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Hollywood icon Tony Curtis dies
Tony Curtis was one of the most-liked box-office stars of the 1950s and one of Hollywood's busiest playboys.
Last Modified: 30 Sep 2010 13:27 GMT
Curtis, best known for his role opposite Marilyn Monroe in "Some Like It Hot," has died at the age of 85. [AFP PHOTO]

Tony Curtis, whose good looks made him a Hollywood star well before he became an accomplished actor in movies such as "The Sweet Smell of Success" and "Some Like It Hot," died on Wednesday evening in his home near Las Vegas.

Curtis, 85, was one of the biggest box-office stars of the 1950s and one of Hollywood's busiest playboys during that time.

He had a memorable role in the classic gladiator movie "Spartacus" in 1960 and received an Academy Award nomination for 1958's "The Defiant Ones."

His first starring role was in "The Prince Who Was a Thief" in 1951, and critics were appalled as Curtis, playing an Arabian prince, proclaimed in a thick New York accent, "Yonduh lies de castle of de caliph, my fadder!"

Still, Universal Pictures' star-making machinery and teen fan magazines managed to make Curtis a celebrity and movie-goers loved his dark-haired sex appeal and impish grin.

After a series of frivolous movies that exploited his handsome physique and appealing personality, Curtis moved to more substantial roles.

Curtis made more than 140 films, mixing comedies with dramas, but part of his life was plagued by poor movies and struggles with cocaine and alcohol.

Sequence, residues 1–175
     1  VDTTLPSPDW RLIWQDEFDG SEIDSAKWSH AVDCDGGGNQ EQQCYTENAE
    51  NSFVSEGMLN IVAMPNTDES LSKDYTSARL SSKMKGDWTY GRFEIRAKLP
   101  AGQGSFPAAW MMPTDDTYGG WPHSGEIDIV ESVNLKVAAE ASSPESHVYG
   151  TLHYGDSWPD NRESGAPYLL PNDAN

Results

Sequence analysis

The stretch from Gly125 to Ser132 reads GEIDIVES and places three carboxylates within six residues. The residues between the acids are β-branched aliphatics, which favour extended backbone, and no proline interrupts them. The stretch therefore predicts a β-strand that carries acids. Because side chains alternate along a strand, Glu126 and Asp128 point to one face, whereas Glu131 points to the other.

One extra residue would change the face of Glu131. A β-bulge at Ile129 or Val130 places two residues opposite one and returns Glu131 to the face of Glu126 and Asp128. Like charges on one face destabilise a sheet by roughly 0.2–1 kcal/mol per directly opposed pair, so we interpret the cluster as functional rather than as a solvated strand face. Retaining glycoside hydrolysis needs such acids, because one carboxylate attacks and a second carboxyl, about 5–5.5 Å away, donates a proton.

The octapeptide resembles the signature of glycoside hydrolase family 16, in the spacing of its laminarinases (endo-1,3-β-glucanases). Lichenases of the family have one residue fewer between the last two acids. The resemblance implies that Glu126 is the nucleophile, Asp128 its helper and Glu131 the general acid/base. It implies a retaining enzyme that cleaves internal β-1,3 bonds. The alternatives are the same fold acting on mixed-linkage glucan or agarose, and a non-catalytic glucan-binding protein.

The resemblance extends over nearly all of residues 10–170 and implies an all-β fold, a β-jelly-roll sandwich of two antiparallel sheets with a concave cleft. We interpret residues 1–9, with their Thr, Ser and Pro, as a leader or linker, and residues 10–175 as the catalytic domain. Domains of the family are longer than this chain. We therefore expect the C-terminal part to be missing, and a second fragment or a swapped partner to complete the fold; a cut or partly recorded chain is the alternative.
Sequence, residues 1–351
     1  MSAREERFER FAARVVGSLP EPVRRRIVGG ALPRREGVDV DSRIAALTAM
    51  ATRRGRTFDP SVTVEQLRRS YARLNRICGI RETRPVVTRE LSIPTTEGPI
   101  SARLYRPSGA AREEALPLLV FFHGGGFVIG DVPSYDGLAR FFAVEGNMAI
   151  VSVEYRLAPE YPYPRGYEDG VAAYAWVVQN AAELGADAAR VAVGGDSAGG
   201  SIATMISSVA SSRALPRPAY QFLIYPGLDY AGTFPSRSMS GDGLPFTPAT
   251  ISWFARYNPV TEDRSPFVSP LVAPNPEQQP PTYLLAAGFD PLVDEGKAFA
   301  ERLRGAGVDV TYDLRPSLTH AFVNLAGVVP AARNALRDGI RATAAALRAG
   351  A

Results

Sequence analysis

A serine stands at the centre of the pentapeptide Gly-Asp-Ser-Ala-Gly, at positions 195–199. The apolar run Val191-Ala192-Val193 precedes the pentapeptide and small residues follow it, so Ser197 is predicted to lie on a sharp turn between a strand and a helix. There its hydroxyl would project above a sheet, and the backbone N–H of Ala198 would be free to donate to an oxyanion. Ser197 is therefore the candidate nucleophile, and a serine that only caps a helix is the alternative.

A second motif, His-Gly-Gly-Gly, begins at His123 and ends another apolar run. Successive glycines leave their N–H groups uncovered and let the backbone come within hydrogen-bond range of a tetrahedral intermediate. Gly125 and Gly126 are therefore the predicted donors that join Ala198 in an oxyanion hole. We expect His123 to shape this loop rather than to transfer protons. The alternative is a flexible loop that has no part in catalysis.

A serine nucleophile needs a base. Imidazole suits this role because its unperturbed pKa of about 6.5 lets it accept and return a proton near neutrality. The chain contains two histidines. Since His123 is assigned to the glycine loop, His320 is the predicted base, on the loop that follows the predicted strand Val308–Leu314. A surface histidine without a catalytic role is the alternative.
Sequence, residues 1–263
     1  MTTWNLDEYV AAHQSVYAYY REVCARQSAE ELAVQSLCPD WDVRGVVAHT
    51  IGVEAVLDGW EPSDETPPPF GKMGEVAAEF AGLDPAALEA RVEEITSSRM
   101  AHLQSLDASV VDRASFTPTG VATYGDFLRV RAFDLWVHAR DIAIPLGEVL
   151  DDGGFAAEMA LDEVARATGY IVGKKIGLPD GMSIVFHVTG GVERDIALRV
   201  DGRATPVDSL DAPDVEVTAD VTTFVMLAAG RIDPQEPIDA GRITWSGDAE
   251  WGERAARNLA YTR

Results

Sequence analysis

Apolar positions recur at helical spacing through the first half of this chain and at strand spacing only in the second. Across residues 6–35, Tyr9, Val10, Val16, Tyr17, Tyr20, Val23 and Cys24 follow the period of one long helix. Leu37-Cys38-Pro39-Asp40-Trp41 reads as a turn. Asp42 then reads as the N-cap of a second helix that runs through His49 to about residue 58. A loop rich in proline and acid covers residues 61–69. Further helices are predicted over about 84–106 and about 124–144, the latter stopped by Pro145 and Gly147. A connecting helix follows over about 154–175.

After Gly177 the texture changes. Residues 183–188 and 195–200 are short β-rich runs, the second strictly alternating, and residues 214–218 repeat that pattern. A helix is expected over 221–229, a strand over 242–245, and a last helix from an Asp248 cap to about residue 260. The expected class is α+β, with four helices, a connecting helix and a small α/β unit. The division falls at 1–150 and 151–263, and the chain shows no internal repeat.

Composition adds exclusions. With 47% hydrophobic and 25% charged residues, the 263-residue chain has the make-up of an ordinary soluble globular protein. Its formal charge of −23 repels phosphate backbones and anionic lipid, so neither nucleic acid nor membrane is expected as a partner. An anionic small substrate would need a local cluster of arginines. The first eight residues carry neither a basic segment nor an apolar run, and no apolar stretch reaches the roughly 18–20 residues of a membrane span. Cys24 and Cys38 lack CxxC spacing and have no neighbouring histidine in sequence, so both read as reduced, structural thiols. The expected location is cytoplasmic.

Bronx roots

Curtis was born Bernard Schwartz in New York to poor Hungarian-Jewish immigrants in 1925.

He quit school to join the Navy in World War Two, serving on a submarine tender, and pursued acting after his discharge.

Curtis was known to be demanding at the height of his stardom. Television producer Lew Gallo called him "an impetuous child."

As fascinating to fans as his performances was Curtis' private life. He was an inveterate womaniser whose girlfriends included Marilyn Monroe and Natalie Wood.

He was married six times, starting with actress Janet Leigh in a union he later admitted was partially motivated by publicity value. After divorcing Leigh, he married Christine Kaufman, who was 17 when they met while filming "Taras Bulba."

Curtis was once quoted as saying, "I wouldn't be seen dead with a woman old enough to be my wife."

His sixth wife, Jill Vandenberg, was 45 years younger than Curtis.

Curtis' children included actress Jamie Lee Curtis, who was estranged from him for much of his life.

As his acting career waned, Curtis concentrated on painting and in 1989 he sold more than $1 million worth of his art in the first day of a Los Angeles exhibition.

"Painting is more meaningful to me than any performance I've ever given," he told an interviewer.

Curtis eventually moved to Las Vegas. In 1989, he released an exercise videotape for people past age 50.

He operated the Shiloh Horse Rescue and Sanctuary, a refuge for horses that were abandoned or
abused, on the  California-Nevada border with wife Jill.

Source:
Agencies
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